By electrospinning liquid crystals coaxially inside a polymer sheath, responsive fibers with application potential, e.g., in wearable sensors can be produced. We conduct a combined scanning electron/polarizing microscopy study of such fibers, concluding that a match between the properties of the sheath solution and that of the core fluid is vital for achieving well-formed and well-filled fibers. Problems that may otherwise arise are fibers that are continuously filled, but partially collapsed; or fibers in which the core breaks up into droplets due to a mismatch in elongational viscosity between inner and outer fluids. Liquid-crystal-functionalized core-sheath fibers produced by coaxial electrospinning can exhibit novel optical properties and strong response function. These fibers could be used in wearable sensors, but a careful matching between core and sheath fluids is required for ensuring optimum fiber morphology, strength, and a continuous core. Copyright © 2013 WILEY-VCH Verlag GmbH & Co. KGaA, Weinheim.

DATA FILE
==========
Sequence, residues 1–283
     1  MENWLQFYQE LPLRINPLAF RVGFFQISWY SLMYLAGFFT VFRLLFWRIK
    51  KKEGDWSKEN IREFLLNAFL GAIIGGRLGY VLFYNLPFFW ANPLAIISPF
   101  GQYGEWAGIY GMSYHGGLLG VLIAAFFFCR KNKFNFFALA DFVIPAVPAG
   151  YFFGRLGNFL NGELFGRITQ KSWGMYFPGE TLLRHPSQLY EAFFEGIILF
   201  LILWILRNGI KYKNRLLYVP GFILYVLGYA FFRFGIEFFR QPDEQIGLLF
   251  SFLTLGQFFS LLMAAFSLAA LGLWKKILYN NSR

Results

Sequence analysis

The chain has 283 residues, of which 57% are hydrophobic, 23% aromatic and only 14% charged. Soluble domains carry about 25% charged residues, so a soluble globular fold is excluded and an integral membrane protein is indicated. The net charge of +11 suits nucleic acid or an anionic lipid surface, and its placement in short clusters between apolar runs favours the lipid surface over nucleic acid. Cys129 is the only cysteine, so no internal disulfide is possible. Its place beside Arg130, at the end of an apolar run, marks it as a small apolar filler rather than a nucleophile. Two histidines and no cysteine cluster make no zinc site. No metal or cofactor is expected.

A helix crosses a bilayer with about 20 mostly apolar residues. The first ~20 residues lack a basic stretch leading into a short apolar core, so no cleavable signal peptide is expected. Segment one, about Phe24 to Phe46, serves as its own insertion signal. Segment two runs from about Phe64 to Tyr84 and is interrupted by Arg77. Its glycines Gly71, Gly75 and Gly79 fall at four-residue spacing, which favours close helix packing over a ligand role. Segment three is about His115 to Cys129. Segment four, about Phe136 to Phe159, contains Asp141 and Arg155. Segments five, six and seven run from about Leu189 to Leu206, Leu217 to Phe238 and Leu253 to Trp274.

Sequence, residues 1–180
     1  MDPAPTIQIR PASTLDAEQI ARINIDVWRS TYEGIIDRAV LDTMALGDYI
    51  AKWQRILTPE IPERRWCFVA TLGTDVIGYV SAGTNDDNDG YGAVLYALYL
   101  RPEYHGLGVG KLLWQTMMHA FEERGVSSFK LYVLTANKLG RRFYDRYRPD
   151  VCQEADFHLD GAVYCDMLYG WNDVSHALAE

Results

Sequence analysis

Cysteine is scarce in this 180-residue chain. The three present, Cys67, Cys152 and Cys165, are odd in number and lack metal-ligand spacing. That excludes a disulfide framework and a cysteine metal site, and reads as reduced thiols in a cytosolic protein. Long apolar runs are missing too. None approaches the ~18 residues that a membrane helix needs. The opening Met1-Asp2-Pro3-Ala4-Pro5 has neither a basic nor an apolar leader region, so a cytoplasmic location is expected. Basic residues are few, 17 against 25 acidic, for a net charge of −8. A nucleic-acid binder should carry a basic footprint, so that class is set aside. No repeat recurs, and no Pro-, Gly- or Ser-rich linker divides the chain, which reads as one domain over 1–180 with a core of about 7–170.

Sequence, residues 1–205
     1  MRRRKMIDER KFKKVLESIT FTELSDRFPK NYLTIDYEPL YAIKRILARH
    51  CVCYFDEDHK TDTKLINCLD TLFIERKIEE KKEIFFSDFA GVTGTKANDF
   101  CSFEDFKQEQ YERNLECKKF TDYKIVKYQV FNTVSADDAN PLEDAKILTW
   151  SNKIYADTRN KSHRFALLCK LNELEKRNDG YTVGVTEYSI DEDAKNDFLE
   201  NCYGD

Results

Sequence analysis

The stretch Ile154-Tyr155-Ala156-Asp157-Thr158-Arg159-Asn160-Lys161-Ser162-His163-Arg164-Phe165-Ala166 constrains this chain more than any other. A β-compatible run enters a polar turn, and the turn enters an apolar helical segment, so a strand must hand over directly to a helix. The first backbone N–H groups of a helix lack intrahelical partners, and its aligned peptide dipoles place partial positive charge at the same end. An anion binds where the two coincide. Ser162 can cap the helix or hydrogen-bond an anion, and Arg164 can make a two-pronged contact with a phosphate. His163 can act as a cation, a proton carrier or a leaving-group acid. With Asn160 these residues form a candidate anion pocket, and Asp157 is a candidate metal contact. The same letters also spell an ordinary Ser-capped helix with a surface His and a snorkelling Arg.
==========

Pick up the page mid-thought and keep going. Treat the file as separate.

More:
|Titolo:||Morphology and core continuity of liquid-crystal-functionalized, coaxially electrospun fiber mats tuned via the polymer sheath solution|
|Data di pubblicazione:||2013|
|Appare nelle tipologie:||1.1 Articolo in rivista|